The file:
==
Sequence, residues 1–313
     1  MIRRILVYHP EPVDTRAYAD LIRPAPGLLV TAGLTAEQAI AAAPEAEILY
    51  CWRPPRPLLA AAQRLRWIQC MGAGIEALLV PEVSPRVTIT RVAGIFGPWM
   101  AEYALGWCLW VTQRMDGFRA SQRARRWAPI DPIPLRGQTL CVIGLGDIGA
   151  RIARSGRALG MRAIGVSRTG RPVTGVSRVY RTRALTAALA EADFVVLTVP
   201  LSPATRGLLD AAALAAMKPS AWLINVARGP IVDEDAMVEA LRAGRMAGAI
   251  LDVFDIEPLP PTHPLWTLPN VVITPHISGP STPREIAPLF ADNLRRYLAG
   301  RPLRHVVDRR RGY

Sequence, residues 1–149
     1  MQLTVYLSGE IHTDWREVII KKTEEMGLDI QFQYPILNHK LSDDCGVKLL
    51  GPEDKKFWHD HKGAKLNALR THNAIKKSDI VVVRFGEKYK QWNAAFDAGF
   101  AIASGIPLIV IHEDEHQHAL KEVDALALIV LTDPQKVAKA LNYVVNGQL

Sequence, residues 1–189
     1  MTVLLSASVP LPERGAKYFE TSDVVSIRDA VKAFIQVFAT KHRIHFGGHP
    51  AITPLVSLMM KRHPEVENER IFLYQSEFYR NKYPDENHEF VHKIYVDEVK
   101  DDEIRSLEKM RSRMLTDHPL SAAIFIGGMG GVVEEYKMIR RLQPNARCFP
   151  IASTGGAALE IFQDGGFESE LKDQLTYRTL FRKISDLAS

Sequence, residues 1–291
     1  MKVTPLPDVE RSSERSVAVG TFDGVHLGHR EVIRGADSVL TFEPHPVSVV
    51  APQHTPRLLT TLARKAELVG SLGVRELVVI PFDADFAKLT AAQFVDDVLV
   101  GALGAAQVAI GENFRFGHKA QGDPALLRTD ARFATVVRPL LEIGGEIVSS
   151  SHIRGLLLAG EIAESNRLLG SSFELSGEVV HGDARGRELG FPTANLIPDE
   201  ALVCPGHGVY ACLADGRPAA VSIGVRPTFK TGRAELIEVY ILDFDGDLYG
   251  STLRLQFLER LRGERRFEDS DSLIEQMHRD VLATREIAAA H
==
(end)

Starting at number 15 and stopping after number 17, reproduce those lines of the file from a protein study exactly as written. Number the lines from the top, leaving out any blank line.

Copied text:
    51  AITPLVSLMM KRHPEVENER IFLYQSEFYR NKYPDENHEF VHKIYVDEVK
   101  DDEIRSLEKM RSRMLTDHPL SAAIFIGGMG GVVEEYKMIR RLQPNARCFP
   151  IASTGGAALE IFQDGGFESE LKDQLTYRTL FRKISDLAS